• I was supposed to pick it up at this point and aim to keep my pace between a 9 and a 9:20. In listening to my body, I knew I’d be much more comfortable hovering on the slower end of that. I readjusted my plan and told myself to aim to keep my pace between a 9 and a 9:35 based on the mile I was running and what felt “comfortably hard.”
  • My amazing ex-coworker and always friend, Madeline, and her kiddos were in LIC. They also had a sign for me. GAH SO MUCH LOVE!

My squad in LIC!

Manhattan: Miles 15-19 

25k in 2:28:01 (9:32), 30k in 2:57:12 (9:30)

  • I felt really good on the 59th St Bridge. Unfortunately, this didn’t seem to be the case with the other runners and I found myself behind a full wall of walkers.  This is not the first time this has happened to me on the bridge. I wanted to scream something along the lines of, “OMG doesn’t anyone train on hills?!?” But I didn’t say that… because I didn’t want to be a jerk… also, ya know, I wanted to conserve energy to run and not waste it on yelling at people.
  • Once I got off the bridge, I ran along the left side of 1st Avenue because that’s where all my people were gonna be. My family missed me as they stopped to get food and I was running too fast. Sorry I’m not sorry that I was running too fast, mom.
  • Luckily, about 10 blocks up from where my family was supposed to be, my beautiful cousin Maria was there and legit grabbed me so that I saw her.
  • Only about 10 blocks from where Maria assaulted me on 1st Avenue, I had my second assault of the day from my lovely coworker, Jenny. She almost missed me but overheard someone scream my name and then torpedoed herself after me and onto the course. Because she’s awesome, she had equipped herself with Gatorade and Honey Stingers just in case I needed anything. Love it!
  • As I approached Mile 19, I knew my unbelievably amazing coach, Jess, would be cheering from the sidelines. She snapped the below photo of me and I ran away from her so incredibly grateful that I chose her to push me these past 16 weeks. She is an amazing coach and I can’t believe how mentally and physically prepared I was for this race.
via @racepacejess

Mile 19 via @racepacejess

Bronx: Miles 19-21

35k in 3:27:32 (9:33)

  • These miles were a blur. All I could think about was getting back to Manhattan.

Manhattan: Miles 21-26.2

40k in 3:58:08 (9:35), Finish in 4:11:09 (9:35)

  • For me, 5th Avenue up in Harlem was the windiest it ever felt out on the course.  I kept myself moving forward, waiting for that steady incline near mile 23 that has totally ruined me in past NYC marathons.  I promised myself I wouldn’t look at my pace during the 5th Ave incline and would just focus on keeping a consistent effort.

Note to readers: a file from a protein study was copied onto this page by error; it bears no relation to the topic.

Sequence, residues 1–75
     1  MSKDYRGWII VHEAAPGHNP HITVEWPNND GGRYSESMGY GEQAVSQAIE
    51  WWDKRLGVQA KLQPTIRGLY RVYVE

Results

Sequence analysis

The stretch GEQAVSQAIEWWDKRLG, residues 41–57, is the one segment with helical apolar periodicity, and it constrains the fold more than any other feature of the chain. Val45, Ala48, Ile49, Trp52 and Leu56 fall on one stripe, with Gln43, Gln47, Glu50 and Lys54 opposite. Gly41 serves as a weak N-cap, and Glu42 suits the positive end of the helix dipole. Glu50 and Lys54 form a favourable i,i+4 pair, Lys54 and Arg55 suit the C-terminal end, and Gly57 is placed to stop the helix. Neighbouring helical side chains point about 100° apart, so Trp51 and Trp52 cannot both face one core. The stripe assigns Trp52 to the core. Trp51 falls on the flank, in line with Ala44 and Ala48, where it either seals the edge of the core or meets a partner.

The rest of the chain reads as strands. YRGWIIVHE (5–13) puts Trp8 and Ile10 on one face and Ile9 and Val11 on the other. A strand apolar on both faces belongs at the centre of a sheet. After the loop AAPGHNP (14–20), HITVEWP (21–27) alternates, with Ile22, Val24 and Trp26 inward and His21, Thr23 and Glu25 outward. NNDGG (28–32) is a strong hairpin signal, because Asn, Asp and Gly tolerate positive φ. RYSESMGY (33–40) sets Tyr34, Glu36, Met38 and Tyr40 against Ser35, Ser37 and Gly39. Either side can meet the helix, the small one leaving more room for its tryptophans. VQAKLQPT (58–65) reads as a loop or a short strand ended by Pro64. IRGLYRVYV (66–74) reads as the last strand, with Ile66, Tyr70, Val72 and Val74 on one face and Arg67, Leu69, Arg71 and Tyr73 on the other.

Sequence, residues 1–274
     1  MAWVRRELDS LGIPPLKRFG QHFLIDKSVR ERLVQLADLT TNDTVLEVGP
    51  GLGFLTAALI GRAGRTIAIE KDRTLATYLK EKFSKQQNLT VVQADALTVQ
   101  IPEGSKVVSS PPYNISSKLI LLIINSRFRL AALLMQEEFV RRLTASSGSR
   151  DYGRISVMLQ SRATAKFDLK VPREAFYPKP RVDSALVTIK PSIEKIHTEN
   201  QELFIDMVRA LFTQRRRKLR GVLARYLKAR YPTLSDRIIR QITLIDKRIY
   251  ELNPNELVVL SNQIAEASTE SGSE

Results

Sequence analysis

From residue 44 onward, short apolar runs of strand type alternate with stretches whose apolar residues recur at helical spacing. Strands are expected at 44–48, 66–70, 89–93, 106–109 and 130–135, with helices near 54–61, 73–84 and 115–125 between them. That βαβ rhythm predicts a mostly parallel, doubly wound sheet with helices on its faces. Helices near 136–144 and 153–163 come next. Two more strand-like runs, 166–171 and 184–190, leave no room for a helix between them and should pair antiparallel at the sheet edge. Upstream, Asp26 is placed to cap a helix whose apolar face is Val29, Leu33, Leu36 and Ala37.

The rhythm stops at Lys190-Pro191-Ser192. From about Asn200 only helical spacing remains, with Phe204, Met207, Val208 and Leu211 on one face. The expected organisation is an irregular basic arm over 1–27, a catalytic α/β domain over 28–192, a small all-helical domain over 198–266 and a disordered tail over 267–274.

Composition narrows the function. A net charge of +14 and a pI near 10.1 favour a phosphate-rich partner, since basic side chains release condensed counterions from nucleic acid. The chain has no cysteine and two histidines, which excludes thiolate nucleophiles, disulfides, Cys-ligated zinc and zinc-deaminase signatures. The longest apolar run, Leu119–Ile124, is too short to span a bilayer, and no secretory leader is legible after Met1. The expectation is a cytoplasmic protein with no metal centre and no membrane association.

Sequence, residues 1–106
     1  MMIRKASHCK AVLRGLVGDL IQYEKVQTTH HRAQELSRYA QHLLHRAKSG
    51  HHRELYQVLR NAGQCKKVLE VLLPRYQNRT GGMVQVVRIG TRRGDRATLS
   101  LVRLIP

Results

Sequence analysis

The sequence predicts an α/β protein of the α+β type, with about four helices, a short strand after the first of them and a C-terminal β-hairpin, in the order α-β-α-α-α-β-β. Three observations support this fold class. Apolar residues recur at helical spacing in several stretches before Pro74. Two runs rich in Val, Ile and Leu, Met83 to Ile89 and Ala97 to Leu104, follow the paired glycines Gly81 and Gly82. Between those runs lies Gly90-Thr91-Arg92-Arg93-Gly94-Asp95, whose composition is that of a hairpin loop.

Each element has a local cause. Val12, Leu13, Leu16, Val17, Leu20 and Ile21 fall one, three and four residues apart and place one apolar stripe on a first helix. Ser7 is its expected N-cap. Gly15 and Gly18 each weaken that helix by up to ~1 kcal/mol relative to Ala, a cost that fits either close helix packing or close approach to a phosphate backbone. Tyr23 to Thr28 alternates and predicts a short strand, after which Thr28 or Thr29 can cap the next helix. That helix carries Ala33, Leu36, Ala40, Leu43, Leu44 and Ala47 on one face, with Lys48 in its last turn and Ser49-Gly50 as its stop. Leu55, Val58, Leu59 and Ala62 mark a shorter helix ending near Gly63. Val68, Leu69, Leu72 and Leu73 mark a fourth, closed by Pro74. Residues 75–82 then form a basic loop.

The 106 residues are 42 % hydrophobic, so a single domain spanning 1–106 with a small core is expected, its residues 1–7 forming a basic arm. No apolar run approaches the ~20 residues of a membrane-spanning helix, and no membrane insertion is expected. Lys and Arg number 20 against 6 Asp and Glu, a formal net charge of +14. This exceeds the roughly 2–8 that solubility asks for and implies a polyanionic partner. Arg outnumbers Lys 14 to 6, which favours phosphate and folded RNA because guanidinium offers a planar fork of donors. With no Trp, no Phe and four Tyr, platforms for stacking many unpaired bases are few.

• When 5th Avenue got tough, I stepped up my mental game. With each step I repeated, “Mom, Dad, John. Mom, Dad, John.” I kept pushing because these people were tracking me and waiting for me. My tip for this portion of the race for anyone running is to think of why you’re running and who you’re running for… and do whatever you need to do to focus on that during this portion of the course.
  • Once I turned into Central Park at Engineer’s Gate, I had to step up my mental game even more.  The pace felt hard. I knew I could PR even if I slowed down. It was an internal battle with myself… slow down, feel a little more comfortable, and get a PR? Or keep pushing, feel uncomfortable (and possibly get increasingly more uncomfortable), and cross the finish knowing I left it all out there on the course? I am so proud that I chose to keep pushing.
  • SURPRISE! Sethy is spotted standing on a railing near Mile 25! I threw my hands in the air… 10 MORE MINUTES!
  • Once we turned back into Central Park, I envisioned myself running the “finish line intervals” Jess had me run in my workout earlier that week. I knew this finish line well and I knew I could pick it up.
  • Once I saw mom, John, and Nikki in the grandstands, I went absolutely nuts. PR! PR! PR!
Wheres Ang? Photo from the finish line bleachers!

Wheres Ang? Photo from the finish line bleachers!


  • Unlike last year when I started crying before I even crossed the finish line of the Chicago Marathon, I made it almost a full 2 minutes after the finish before bursting into tears.
  • The finish line exit is definitely not fun. Once you get your medal, foil, food and drink, it takes almost a full 30 minutes to get out of the park (especially with everyone doing the post-marathon hobble). They have the (non-baggage) runners walk up to 79th, exit the park, grab the fleece-lined poncho (SO awesome! I just wish we didn’t have to wait until we were out of the park for them), but then still have to walk down to 72nd before being able to get off of Central Park West. At one point I believe I whined, “just let us ouuuuuut.”
  • I celebrated with pizza and beer. And it was perfect. I love you, NYC.
4:11:09 (9:35 pace) - 13 minute PR

4:11:09 (9:35 pace) – 13 minute PR

I feel so incredibly blessed to have been able to complete my 5th marathon in this amazing city. New York is not an easy course by any means but it is so, so special. New Yorkers – you are the spirit of this marathon… and it is because of you that this race is the greatest marathon in the world.

A huge congratulations to all finishers and a huge thank you to all the marathon supporters out there.

nycm finisher!

PR in the city that I love: CHECK.


Filed under marathon, new york city, PR, running, tcs new york city marathon